The conclusions of Leverrier were communicated to the French Academy in the autumn of 1859. Soon after their publication Dr. Lescarbault, an amateur astronomer as well as a medical practitioner of Orgères, some forty miles southwest of Paris, announced that, on March 26, 1859, he had observed the passage of a dark circular spot across the sun's disk, which he thought might have been the transit of an intra Mercurial planet. He stated further that he had delayed the publication of the fact in the hope of obtaining confirmatory observations. On the appearance of this statement Leverrier at once determined to seek an interview with the observer, in order to test the truth of his discovery. With the details of this interview the public is familiar. After a thorough examination of Lescarbault's original memoranda, as well as of his instruments and methods of observation, Leverrier was satisfied that the amateur astronomer of Orgères had really observed the transit of an intra-Mercurial planet. From the notes furnished by Lescarbault, the director of the Paris Observatory estimated the period of the planet at nineteen days seventeen hours; its mean distance from the sun, 13,000,000 miles; the inclination of its orbit, 12° 10'; and the greatest elongation of the body from the sun, 8°. The apparent magnitude of the solar disk, as seen from Vulcan's estimated distance, is fifty times greater than as seen from the earth.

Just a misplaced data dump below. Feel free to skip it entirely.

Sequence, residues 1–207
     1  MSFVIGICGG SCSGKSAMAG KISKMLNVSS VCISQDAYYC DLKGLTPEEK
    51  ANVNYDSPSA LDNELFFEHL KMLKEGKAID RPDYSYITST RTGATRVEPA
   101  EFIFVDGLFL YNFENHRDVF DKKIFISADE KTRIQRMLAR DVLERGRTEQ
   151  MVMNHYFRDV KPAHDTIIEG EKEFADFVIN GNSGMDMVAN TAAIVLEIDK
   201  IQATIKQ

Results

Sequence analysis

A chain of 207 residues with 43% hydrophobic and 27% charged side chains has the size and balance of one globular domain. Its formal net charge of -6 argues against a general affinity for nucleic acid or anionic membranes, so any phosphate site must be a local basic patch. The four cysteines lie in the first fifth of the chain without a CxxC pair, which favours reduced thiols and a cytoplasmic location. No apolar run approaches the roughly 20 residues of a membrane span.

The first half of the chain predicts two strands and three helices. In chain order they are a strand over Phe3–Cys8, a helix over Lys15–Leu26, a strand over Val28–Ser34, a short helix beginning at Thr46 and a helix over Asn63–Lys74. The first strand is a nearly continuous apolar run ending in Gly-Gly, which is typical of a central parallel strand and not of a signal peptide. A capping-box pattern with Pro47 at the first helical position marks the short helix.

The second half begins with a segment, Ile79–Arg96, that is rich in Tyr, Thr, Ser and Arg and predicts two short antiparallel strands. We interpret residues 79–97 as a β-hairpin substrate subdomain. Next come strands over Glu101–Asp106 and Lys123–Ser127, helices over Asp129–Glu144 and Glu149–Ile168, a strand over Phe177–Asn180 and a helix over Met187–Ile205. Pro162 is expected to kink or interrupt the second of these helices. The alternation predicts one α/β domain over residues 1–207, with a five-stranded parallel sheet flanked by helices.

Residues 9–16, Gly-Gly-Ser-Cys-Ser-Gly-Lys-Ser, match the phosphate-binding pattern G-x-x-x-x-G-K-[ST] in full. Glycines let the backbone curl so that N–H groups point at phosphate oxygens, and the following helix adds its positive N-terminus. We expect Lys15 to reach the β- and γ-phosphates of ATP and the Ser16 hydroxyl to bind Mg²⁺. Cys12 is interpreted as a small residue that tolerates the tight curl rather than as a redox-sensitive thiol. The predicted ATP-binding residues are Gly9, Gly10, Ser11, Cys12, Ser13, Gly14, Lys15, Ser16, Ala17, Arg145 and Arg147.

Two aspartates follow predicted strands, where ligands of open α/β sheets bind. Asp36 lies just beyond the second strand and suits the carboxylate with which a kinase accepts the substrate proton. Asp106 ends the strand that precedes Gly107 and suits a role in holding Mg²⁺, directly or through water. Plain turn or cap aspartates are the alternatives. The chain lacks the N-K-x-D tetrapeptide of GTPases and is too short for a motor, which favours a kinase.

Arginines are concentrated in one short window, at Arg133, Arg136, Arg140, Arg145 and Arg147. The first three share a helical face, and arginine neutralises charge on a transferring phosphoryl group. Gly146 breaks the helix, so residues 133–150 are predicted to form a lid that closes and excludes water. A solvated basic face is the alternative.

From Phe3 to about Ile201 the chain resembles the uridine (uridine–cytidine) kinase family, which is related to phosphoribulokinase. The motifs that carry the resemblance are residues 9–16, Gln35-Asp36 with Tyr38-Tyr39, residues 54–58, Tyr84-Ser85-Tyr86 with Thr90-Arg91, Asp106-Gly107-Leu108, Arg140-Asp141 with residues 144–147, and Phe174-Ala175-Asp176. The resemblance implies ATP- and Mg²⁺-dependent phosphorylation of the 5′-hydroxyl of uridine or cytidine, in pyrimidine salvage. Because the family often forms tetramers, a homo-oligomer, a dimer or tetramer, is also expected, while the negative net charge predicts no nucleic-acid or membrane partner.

The sun was again watched during the last days of March in 1860 and 1861, in the hope of reobserving the new member of the system. The search, however, was unsuccessful until March 20, 1862, when Mr. Lummis, of Manchester, England, between eight and nine o'clock a. m., observed a perfectly round spot moving across the sun. Having satisfied himself of the spot's rapid motion, he called a friend, who also noticed its planetary appearance. From these imperfect observations two French astronomers, MM. Valz and Radau, computed elements of the planet: the former assigning it a period of seventeen days thirteen hours; the latter, one of nineteen days twenty-two hours. From 1862 to 1878 the planet was not seen, or at least no observation was well authenticated. The transit of Mercury, however, on May 6, 1878, afforded new evidence of the truth of Leverrier's theory that Mercury's motion is disturbed either by a planet or a zone of planetary matter within his orbit.